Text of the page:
Social entrepreneurship – The new community engagement

Social entrepreneurship should be the new engagement for individuals and the public and private sectors, with implications for university training – especially in Africa – according to Goos Minderman, public governance professor at Vrije Universiteit in The Netherlands.

Providing an international perspective at an innovation and research day held by the Graduate School of Business Leadership at the University of South Africa (UNISA) this month, Minderman said the importance of business involvement in social networks and semi-public activities could be viewed from two perspectives.

The first was the European view, where the government's role was rapidly changing, and more non-profit and profit-driven partners could become involved in maintaining good education, healthcare and welfare levels.

The second was the African view, where the focus revolved around the importance of business in combatting corruption.

“Corruption has been evolving in the last decades and therefore no social network or social programme can be guaranteed. The battle against corruption is everyone's responsibility in both the private and the public sectors,” Minderman said.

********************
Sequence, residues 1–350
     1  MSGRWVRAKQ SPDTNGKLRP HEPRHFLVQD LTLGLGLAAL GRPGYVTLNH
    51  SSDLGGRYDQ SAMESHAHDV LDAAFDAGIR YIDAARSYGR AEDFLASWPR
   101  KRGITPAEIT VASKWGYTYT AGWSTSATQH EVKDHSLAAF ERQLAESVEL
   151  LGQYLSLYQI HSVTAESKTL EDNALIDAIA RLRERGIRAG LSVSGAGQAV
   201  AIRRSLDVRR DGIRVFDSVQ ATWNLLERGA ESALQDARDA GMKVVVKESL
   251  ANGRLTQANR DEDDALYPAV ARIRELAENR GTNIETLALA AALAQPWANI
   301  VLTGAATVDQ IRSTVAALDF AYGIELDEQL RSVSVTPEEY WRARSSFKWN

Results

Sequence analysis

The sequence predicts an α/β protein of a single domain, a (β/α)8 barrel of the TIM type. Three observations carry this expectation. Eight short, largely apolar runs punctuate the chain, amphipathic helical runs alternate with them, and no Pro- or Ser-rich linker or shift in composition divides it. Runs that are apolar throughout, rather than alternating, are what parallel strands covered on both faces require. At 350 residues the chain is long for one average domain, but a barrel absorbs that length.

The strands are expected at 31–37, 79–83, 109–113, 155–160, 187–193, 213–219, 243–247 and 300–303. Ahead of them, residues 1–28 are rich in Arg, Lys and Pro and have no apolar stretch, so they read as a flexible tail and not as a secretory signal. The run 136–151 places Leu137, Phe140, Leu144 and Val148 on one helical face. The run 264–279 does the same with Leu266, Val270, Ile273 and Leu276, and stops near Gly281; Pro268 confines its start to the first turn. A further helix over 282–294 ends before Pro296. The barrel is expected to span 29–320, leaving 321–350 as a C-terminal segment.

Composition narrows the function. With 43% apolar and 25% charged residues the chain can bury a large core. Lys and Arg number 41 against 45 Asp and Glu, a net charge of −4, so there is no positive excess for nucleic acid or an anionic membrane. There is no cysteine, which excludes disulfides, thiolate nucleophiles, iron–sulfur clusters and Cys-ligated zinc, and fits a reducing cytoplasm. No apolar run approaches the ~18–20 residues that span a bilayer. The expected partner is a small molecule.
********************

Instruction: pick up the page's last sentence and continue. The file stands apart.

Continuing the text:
Corruption currently cost South Africa more than R150 billion (US$16 billion) annually and was bleeding around 30% from public sector budgets, substantially hindering delivery on social problems.

“These losses, coupled with inefficiencies, are strongly limiting South Africa's problem-solving potential. United Nations statistics show corruption adds 25% to the costs of public procurement,” he said.

More critically, only 30% of government corruption was detected, and 80% of fraud was committed by employees. More than 70% of South African companies were victims of corruption against the 37% global average, according to auditing firm PWC.

Minderman believes that in this context – and it has echoes across Africa – there is great relevance in universities teaching community engagement, as it potentially provides answers to social problems.

Social entrepreneurship, defined as the means to identify a social problem and use entrepreneurial principles to achieve a desired social change, should be the new engagement for individuals and public and private organisations.